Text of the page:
Members Share Insights on Nonprofit CEO Salaries
(Nov. 3, 2008) In a recent issue, eWire asked readers if they thought nonprofit CEOs are paid too much. Our respondents didn’t think so—up to a point anyway.
In the Oct. 14 story, “Are Nonprofit CEOs Paid Too Much?” eWire asked AFP members the following questions:
- Are salaries for large U.S. nonprofits grossly out of line?
- Do nonprofits need to offer executive salaries competitive with the for-profit world to attract effective leaders?
- What considerations need to be made to understand this issue or give it context?
- Would it help or hurt to pay CEOs of large hospitals, universities, human service or other charities less?
Here is what your colleagues had to say.
“In response to your email about CEOs making too much: Being a small non-profit CEO making only $65,000 per year I would say that making millions as a CEO is a bit excessive, but $300,000 to $500,000 is reasonable. I know that to compare my size of corporation to a for-profit, I am probably making half what the for-profit CEO makes.”
—DiAnn L. Baxley, chief executive officer, Susquehanna Valley Women in Transition, Lewisburg, Pa.
“In response to your story and your question, I believe that CEOs of nonprofit organizations ought to be paid to perform a job, as a professional and an expert in the field in which they are involved. Whether that is the management of a multi-million dollar budget and operations of a large nonprofit or overseeing the establishment of a grassroots organization, fairness ought to be the determining factor, and prevailing wage ought to be the standard for that fairness.
“It is unfair that individuals working in the nonprofit field so often must justify the salary that they are making; too many people believe that "nonprofit" means that no one employed in the sector ought to be making a livable wage.
“If the conversation or focus was instead shifted to the impact of that individual in her/his position, then those looking from the outside in might be able to see the value-added of hiring a person whose knowledge and skill sets more than justify any wage they are earning.”
—Yolanda Torrecillas, development director, Wellspring Women's Center, Sacramento, Calif.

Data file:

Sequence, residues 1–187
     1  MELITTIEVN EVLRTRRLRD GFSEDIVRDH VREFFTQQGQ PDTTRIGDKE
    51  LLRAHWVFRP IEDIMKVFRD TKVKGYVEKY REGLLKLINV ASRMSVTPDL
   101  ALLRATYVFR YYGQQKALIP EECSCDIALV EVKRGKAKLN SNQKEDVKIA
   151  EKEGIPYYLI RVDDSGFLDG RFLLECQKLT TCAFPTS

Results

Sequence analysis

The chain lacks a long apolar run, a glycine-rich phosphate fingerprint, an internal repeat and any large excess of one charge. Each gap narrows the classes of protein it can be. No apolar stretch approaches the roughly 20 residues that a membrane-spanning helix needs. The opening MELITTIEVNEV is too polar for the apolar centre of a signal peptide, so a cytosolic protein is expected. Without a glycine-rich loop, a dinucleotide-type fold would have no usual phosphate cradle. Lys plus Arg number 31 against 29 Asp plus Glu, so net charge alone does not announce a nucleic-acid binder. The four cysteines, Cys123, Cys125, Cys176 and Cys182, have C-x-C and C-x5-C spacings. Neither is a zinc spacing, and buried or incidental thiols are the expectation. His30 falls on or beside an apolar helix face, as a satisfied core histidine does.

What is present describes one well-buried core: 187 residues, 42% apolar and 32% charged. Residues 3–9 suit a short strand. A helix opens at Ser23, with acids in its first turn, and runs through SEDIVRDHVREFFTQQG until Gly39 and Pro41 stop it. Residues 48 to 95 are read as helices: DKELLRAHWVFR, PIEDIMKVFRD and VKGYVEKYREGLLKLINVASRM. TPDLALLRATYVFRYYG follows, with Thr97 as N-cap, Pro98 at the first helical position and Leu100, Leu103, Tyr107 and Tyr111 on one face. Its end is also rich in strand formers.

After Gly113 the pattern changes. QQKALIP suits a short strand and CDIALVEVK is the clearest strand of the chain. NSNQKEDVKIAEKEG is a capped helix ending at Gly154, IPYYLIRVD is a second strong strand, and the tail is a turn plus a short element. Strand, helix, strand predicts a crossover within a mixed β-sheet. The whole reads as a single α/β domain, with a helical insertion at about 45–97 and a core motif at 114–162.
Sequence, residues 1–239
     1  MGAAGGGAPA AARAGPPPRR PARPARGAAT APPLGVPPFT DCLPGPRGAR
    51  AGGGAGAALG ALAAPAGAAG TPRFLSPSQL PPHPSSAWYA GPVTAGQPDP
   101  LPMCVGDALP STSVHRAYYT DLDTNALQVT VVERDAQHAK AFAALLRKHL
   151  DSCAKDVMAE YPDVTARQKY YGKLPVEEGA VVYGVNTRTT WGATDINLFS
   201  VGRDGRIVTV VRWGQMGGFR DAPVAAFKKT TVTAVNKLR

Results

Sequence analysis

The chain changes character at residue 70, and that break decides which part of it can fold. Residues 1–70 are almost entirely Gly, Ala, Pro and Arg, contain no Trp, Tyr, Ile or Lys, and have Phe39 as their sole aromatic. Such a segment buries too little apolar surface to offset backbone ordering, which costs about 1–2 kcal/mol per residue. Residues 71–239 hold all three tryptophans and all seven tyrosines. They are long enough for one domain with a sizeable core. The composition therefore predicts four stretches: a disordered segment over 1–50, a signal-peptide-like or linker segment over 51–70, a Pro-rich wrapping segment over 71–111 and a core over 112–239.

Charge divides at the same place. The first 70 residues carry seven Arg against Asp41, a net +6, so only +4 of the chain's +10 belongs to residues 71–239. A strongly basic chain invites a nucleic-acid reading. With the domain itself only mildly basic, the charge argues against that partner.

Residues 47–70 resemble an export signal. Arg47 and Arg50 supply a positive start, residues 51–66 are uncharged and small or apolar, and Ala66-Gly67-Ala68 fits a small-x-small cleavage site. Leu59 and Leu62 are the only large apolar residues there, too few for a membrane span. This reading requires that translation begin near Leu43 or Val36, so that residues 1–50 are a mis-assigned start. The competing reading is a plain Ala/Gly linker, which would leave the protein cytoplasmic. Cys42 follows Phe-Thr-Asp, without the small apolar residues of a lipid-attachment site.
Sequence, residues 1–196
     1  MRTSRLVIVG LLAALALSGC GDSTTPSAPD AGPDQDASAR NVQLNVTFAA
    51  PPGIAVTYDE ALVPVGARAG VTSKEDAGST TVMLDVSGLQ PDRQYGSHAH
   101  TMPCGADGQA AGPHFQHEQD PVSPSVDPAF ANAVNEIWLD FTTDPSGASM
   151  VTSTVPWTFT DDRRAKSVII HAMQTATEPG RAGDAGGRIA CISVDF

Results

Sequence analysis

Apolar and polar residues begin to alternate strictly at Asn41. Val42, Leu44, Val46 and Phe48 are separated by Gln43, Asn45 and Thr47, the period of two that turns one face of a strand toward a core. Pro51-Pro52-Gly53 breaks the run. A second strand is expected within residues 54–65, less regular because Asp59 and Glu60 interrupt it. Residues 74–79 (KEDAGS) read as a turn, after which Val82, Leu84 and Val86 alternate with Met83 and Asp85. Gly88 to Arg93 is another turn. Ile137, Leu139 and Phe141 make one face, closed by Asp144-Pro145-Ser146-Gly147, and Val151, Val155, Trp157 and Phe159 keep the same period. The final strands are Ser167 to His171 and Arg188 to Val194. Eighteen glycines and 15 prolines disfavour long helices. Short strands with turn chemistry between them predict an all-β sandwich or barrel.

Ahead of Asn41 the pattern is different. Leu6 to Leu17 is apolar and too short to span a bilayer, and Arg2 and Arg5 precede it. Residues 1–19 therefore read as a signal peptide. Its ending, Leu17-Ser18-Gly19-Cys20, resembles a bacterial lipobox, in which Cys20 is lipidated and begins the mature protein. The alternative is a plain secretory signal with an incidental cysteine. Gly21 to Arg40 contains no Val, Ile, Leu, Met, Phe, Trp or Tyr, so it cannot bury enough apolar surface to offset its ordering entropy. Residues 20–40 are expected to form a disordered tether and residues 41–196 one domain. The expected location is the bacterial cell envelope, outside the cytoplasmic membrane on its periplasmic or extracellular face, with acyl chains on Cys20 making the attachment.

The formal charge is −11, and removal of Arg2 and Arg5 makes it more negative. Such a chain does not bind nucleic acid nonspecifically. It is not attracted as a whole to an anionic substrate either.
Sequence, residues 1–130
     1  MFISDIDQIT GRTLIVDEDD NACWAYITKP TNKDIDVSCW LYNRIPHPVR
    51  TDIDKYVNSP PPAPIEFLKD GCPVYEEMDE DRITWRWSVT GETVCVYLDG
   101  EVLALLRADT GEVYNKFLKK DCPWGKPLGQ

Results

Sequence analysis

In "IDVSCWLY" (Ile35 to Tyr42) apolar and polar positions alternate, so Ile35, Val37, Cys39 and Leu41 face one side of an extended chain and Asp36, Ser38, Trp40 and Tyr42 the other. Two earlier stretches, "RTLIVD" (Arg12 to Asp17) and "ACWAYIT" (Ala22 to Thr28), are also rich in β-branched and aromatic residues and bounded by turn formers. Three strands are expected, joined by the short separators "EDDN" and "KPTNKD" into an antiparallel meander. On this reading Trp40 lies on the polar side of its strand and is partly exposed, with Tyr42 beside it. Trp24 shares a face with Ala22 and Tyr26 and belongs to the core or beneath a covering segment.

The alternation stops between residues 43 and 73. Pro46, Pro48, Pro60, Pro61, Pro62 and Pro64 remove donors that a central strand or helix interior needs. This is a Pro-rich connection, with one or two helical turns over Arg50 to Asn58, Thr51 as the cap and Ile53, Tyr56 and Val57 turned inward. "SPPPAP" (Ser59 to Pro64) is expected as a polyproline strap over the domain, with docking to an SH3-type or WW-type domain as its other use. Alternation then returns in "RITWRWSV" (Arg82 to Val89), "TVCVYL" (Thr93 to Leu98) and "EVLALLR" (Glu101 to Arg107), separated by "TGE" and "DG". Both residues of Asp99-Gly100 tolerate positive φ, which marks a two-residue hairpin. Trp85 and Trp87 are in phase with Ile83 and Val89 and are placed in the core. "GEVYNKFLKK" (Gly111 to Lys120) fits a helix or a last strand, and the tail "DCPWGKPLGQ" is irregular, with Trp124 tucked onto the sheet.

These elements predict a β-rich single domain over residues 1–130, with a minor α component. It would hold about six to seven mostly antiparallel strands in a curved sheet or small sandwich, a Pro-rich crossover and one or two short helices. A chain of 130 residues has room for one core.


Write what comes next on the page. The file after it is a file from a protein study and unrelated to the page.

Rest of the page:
We also contacted Elizabeth Boris, Ph.D., director of the Center on Nonprofits and Philanthropy at The Urban Institute in Washington, D.C., to get her thoughts and perspective on nonprofit CEO salaries. Boris is a noted expert on nonprofits and was a featured speaker at AFP’s recent think tank.
First, Boris noted that the average compensation of nonprofit employees across the board is less than $40,000 per year. She emphasized that, overall, nonprofit sector wages are lower than the for-profit sector and many do not receive benefits. For CEO compensation, she said it really depends on the field an executive is in and the qualifications he or she brings to the table.
“CEO compensation really varies tremendously by the size and type of organization,” Boris said. “You need to look at the number of people being managed and the size of the budget that the executive is responsible for.” She noted that media reports on executive pay are often based only on the very largest nonprofits.
“That is not to say that every high salary I see out there is justified,” she said. “Salaries of $1 million or more are certainly excessive in a lot of cases. But I would be less concerned to see the top surgeon at Johns Hopkins University making that kind of salary than a CEO of a very small organization.”
Boris explained that the board has to decide what level of salary will entice the right talent, but that they should always be mindful of using the money as efficiently as possible.
It’s a complex balance given public perception about the amount nonprofit employees should be paid, she added. A successful for-profit executive might take a salary cut to lead a nonprofit, but will only accept so much of a cut.
“It is a question of values and in some sense the market,” Boris said. “In some cases a nonprofit executive has been in the sector for many years and has gradually reached high pay levels and expects to maintain that. In other cases a nonprofit executive would accept less pay than what they were offered.”